The Morden Mill & Barn are located in the quiet country side on Crooks Hollow Road in Greensville, Ontario. Not too far up the road from the old Morden Mill & Barn, is the Darnley Mill.
The area around both mills is a breath taking experience of beauty in the summer time, complete with a sparkling running creek with a wilderness effect that surrounds this area in the day time.
At night it can change into a spooky experience with the feeling of being watched and noises that can capture the imagination of times long gone by. When one stands near the old mills one can see movement of shadows moving in front and behind, while some seem to fly overhead. Also to add to the excitement one can feel a presence of someone or something standing right next to you. Often voices can be heard as if someone was using a low type of whisper, or children playing in the area very late at night. The noises and sounds I speak of are those that cannot be explained away as easily as some folks may think. Many folks have experienced all the above.
"Dedicated to the Morden Family"
Crooks Hollow Road holds a lot of history, from the Indians that used to occupy the area to the United Empire Loyalists and early settlers that came to this area and called it home. The Morden family was one of the Loyalists that came to this area to start up a mill. In fact they were the first family to start up a mill in the Spencer Creek area.
Ann Morden and her family were the first settlers in the Dundas valley, also known as the western end of Flamborough Township. Ann Morden's story had a tragic twist of fate with her life before coming here to Canada. The fate of her husband (Ralph Morden) was linked to Robert Land, the first settler of Hamilton. The story has been passed down from generation to generation with some things added to the story now and then. The story became legend over time in both Hamilton and the Dundas area.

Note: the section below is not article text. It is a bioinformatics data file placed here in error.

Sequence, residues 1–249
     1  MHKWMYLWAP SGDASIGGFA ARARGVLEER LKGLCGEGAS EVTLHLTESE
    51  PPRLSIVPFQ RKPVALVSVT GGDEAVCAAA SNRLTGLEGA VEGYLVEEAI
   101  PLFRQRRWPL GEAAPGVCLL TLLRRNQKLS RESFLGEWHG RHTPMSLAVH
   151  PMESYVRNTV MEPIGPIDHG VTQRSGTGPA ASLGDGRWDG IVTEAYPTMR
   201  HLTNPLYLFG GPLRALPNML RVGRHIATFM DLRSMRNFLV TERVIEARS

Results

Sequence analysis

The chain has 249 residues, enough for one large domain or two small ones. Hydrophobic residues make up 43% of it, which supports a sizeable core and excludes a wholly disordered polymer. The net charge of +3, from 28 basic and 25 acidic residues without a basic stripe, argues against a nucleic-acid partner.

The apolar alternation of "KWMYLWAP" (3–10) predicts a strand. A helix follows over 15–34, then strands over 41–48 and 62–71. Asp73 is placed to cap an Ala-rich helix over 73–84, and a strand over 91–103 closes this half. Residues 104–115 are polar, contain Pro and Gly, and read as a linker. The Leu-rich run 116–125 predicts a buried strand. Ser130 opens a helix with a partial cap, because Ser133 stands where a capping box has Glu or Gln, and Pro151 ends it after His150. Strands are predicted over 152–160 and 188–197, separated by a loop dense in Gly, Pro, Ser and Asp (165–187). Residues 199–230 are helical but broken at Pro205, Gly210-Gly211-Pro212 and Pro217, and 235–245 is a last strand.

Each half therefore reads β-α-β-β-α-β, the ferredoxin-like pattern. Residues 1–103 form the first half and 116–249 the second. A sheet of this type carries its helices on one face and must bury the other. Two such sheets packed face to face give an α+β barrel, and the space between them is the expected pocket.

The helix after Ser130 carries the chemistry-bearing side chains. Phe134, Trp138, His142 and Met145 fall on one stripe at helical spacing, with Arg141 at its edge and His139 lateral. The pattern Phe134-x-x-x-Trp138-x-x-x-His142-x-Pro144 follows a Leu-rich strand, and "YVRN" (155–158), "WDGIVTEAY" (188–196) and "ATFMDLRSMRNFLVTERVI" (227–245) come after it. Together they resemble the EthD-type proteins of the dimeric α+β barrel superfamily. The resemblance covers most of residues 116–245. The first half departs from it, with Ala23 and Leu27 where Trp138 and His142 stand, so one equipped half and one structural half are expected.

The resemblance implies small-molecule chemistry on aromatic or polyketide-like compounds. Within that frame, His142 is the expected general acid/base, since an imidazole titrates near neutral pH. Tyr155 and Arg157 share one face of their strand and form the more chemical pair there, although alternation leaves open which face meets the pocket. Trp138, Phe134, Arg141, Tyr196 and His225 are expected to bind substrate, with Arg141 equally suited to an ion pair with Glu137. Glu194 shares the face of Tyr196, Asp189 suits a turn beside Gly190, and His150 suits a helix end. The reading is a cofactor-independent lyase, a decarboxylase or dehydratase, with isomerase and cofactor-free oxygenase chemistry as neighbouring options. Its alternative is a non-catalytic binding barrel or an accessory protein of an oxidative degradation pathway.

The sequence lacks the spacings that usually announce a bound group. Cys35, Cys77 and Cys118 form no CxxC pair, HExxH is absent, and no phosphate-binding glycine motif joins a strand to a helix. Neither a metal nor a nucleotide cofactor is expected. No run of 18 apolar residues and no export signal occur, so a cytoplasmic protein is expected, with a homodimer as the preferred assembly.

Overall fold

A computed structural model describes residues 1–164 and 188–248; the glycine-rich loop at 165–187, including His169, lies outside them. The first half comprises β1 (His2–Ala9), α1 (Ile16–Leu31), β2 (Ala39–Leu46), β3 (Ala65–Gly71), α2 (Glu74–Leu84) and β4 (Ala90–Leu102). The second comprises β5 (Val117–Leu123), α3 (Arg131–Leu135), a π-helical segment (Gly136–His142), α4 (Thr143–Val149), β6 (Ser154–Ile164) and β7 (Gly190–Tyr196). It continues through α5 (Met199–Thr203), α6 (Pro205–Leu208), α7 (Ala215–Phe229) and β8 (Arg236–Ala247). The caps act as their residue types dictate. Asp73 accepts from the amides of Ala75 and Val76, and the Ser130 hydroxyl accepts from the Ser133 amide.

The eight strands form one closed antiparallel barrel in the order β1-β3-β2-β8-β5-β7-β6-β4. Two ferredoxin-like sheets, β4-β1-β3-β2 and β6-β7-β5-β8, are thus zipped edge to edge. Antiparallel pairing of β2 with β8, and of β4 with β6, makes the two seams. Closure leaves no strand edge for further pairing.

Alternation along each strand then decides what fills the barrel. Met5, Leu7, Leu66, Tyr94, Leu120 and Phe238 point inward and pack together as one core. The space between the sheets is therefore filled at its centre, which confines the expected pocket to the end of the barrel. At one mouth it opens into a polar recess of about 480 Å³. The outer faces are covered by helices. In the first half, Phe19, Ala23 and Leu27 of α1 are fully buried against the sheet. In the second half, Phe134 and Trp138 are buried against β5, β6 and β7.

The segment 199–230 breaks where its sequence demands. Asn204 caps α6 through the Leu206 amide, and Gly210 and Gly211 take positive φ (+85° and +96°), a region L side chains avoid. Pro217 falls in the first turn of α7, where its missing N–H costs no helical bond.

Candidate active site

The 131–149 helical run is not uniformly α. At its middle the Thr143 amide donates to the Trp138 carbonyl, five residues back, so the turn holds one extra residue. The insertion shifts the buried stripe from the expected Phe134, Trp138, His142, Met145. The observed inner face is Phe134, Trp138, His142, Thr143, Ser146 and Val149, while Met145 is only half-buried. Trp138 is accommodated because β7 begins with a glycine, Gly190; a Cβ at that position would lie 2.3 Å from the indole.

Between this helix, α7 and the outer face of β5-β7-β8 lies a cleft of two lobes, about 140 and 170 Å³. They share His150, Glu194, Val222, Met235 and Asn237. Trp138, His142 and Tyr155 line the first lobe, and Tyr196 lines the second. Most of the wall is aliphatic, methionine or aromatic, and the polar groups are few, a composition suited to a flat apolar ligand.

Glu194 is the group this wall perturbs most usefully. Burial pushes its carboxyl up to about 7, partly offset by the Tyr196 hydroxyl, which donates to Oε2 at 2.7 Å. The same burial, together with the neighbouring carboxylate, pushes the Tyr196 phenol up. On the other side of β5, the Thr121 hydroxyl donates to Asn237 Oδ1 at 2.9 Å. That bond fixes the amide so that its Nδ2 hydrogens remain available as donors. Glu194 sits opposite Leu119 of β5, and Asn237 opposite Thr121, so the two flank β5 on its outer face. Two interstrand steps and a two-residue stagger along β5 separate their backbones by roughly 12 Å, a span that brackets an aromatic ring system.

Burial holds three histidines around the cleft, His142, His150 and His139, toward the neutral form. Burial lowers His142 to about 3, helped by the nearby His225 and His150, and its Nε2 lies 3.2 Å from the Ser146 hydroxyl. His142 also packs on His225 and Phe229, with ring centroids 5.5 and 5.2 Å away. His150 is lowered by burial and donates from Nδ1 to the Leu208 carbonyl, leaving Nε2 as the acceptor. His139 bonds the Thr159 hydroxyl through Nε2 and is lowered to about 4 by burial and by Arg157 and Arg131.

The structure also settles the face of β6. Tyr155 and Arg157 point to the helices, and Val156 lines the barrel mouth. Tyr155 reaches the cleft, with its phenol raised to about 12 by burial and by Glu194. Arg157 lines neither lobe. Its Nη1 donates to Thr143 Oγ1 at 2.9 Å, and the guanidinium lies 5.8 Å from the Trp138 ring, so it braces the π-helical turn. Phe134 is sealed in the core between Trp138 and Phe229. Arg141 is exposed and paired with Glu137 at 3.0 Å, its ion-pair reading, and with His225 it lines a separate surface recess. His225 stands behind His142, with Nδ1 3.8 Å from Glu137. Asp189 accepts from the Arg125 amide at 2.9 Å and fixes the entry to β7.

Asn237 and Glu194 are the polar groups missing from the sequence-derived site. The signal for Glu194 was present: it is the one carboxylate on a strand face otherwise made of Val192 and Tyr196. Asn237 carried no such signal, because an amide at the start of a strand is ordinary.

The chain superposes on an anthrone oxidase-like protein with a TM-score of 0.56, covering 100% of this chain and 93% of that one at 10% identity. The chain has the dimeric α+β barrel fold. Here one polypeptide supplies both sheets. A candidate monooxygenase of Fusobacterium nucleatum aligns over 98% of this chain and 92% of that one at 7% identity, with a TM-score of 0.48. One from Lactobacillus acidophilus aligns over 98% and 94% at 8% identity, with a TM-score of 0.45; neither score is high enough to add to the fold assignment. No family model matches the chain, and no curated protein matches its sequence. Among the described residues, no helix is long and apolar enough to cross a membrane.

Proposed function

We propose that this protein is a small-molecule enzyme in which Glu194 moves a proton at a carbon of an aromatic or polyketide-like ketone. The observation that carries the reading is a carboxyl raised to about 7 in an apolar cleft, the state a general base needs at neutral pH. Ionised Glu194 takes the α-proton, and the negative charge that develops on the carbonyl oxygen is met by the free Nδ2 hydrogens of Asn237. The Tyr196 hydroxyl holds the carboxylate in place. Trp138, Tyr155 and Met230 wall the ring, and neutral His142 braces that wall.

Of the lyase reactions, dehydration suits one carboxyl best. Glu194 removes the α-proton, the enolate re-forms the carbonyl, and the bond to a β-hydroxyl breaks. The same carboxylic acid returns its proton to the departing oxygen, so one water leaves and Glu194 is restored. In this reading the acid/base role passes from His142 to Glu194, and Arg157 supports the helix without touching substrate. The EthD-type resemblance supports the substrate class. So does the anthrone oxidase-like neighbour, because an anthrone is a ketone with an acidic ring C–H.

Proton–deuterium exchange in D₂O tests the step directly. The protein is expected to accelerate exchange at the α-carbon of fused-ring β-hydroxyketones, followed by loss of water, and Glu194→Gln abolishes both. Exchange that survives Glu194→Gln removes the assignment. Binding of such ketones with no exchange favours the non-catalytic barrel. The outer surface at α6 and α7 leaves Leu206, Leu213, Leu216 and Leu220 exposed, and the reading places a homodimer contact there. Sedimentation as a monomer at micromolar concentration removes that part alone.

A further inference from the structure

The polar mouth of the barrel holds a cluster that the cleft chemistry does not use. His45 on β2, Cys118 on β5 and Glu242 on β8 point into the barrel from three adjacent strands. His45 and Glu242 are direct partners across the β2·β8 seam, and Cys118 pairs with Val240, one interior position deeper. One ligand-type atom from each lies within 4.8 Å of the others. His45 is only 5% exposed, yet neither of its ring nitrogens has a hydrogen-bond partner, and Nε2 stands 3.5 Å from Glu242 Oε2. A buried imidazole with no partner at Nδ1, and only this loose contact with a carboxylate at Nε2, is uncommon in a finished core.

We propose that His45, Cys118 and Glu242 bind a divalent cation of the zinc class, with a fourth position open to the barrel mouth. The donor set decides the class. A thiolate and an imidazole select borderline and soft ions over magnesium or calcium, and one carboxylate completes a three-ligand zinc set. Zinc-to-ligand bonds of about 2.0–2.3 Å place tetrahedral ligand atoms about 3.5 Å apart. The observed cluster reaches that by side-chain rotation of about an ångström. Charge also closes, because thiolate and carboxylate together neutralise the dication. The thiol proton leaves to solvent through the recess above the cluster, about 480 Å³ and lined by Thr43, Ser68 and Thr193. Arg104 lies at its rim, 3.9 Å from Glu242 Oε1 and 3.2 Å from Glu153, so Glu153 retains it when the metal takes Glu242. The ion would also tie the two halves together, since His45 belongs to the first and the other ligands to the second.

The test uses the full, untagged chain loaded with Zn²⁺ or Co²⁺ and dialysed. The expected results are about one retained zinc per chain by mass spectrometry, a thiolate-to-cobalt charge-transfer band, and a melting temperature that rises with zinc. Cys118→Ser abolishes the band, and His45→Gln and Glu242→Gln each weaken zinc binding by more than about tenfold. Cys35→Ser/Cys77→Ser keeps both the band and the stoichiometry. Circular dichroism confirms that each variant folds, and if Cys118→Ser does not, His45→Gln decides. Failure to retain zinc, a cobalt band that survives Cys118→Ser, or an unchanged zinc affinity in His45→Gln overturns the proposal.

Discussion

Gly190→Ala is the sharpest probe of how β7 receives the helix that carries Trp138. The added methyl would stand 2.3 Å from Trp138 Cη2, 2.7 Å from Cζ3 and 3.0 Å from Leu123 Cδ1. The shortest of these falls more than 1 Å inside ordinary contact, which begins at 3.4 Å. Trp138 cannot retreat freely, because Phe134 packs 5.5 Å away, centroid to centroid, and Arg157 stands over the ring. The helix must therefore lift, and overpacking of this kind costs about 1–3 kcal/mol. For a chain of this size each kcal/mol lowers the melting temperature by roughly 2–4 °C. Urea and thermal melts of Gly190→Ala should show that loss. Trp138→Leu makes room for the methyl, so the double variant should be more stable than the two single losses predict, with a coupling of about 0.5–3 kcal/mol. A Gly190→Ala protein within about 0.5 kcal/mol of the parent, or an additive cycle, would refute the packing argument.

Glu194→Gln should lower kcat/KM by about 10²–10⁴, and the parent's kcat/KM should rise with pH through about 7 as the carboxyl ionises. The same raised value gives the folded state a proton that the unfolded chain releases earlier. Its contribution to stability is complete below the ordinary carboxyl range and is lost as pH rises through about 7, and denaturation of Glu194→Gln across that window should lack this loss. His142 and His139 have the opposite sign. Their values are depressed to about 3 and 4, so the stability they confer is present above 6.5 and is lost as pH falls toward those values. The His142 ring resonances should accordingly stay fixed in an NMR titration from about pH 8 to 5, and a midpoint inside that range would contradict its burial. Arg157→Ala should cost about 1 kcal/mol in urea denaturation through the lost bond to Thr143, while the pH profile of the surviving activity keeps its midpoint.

Ralph Morden, Anne's late husband was born in Yorkshire, England, in 1742. Ralph was the son of George Morden who immigrated to America with his family about 1743. In 1765 Ralph Morden married Anne Durham of New Jersey, and adopted her religion of the Quakers. This move to the Quaker religion caused him not to partake military service when the revolution broke out 11 years later.
The Mordens were known as a quiet unobtrusive family keeping to themselves for the most part. Family records show that Ralph and Anne had four sons, five daughters, John, Ralph, James, Moses, Catharine, Jane, Eleanor, Anne and Elizabeth.
Ralph had taken farm life as a trade that turned out uneventful until the fifth year of the war. When in 1780 Robert Land entered his life, the events to follow had a tragic tale....
Robert, son of Samual Land, was born in 1736 in New York State. He had served as a private in the New York Regiment during the war. Robert then took on the roll of despatch carrier in the British Army. He was captured in the year 1777. He was later released from custody for his name did not appear on the proscription of known traitors. Upon his release he resumed his position in the British Army as a Despatch Carrier once again. Robert land was recognized in Easton PA. in the year 1780 and his actions were closely watched. Land had completed his business in Easton PA. and hired "Ralph Morden" to help guide him past the sentries to an Indian ladder which had been placed against a cliff at an unlikely position.